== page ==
Is suicide a sin?

Catholic teaching on suicide hasn't changed, but it has become more nuanced.
Our Faith

Generations of Catholics were raised to believe that suicide was one of the gravest sins a person can commit—and many Catholics today still fear that a loved one who dies by suicide is bound to spend eternity in hell. Many families have stories of being denied a church funeral or hearing that the person who died could not be buried in the Catholic cemetery where their family members were laid to rest. Yet even though these beliefs persist among many Catholics, they aren’t an entirely accurate reflection of the church’s modern understanding of suicide.

Catholics raised with the Baltimore Catechism were taught that suicide is a mortal sin because it is an act against the will of God and is a violation of the fifth commandment. “Persons who willfully and knowingly commit such an act,” the Baltimore Catechism stated, “die in a state of mortal sin and are deprived of Christian burial.” While this teaching hasn’t exactly changed, it has perhaps become more nuanced.

A person who “willfully and knowingly” chooses suicide would still be considered to be in a state of mortal sin. The church acknowledges, however, that most people who die by suicide suffer from mental illness and are thus incapable of making a clear, rational decision. This was first reflected in 1992 when John Paul II approved the Catechism of the Catholic Church, which clearly articulated this position for the first time.

The catechism affirms that suicide is contrary to both love of God and love of self, and that it goes against the basic human instinct to preserve life. But it also notes that “grave psychological disturbances, anguish, or grave fear of hardship, suffering, or torture can diminish the responsibility of the one committing suicide.” The catechism also emphasizes that the church should pray for those who die by suicide and should not fear for their eternal salvation.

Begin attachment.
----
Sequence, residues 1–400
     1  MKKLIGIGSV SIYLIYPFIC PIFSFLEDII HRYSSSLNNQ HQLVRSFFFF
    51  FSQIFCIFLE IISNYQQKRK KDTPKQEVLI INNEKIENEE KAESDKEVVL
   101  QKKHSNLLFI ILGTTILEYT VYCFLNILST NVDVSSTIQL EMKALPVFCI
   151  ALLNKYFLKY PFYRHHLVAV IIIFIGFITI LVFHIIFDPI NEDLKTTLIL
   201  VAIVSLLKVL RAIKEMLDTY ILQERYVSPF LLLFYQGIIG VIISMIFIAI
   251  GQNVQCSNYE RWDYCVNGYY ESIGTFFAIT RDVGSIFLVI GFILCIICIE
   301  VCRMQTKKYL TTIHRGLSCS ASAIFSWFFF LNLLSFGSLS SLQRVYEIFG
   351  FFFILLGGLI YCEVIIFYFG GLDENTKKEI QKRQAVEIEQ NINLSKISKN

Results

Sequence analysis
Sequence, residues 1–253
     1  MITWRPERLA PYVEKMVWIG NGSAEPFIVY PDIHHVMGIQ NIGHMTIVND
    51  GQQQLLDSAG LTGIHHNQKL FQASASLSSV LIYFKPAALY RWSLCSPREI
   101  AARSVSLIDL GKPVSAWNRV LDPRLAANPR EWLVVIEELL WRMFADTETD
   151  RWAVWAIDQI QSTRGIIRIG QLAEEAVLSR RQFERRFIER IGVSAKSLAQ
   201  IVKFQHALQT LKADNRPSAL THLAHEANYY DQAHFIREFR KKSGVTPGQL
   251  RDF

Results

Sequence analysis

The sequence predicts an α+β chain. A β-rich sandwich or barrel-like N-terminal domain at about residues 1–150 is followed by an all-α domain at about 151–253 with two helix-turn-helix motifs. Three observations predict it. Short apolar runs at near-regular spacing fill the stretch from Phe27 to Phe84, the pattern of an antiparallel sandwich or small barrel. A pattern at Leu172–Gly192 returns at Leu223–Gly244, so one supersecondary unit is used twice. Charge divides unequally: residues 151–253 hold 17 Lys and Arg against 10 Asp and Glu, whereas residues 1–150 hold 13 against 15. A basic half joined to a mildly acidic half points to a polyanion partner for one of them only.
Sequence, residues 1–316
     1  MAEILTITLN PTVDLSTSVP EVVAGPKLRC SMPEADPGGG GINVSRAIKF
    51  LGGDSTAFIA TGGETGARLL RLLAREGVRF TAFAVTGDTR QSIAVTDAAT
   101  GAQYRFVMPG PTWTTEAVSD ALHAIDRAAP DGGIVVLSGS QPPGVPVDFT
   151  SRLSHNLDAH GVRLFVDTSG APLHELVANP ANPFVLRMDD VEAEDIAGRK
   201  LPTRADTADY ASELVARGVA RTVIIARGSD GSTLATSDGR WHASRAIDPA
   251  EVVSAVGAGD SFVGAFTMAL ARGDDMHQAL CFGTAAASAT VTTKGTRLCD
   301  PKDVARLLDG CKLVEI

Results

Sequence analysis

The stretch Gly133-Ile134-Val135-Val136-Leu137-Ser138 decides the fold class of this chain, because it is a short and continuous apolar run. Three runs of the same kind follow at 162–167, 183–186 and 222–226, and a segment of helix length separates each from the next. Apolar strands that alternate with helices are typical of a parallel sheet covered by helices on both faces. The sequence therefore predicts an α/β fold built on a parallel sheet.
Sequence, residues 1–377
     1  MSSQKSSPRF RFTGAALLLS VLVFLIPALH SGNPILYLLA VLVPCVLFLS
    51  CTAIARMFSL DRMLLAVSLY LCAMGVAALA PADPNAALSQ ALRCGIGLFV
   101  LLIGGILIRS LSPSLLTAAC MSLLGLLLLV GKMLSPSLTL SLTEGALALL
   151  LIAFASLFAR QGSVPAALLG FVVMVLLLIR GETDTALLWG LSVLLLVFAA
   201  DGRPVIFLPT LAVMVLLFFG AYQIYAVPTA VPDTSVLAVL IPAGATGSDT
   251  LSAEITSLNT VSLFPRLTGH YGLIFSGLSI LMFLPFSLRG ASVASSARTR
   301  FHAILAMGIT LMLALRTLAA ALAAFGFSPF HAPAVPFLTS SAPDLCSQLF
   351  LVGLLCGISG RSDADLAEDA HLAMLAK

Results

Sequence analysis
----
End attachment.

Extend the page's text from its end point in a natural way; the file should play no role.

Oblate Father Ronald Rolheiser, president of the Oblate School of Theology in San Antonio, says that this teaching is often misinterpreted or misunderstood. “I think that what the church has tried to do is on the one hand to keep the grave seriousness of suicide, and at the same time to mitigate in most cases the responsibility for it,” he says. “But the question of whether the person can be buried on church ground should never come up.”

This is a web-only sidebar which accompanies “Surviving suicide” that appeared in the October 2014 issue of U.S. Catholic (Vol. 79, No. 10, pages 12-17).

Image: Flickr photo cc by Francis Mariani

About the author

Scott Alessi

Scott Alessi is a former managing editor of U.S. Catholic.

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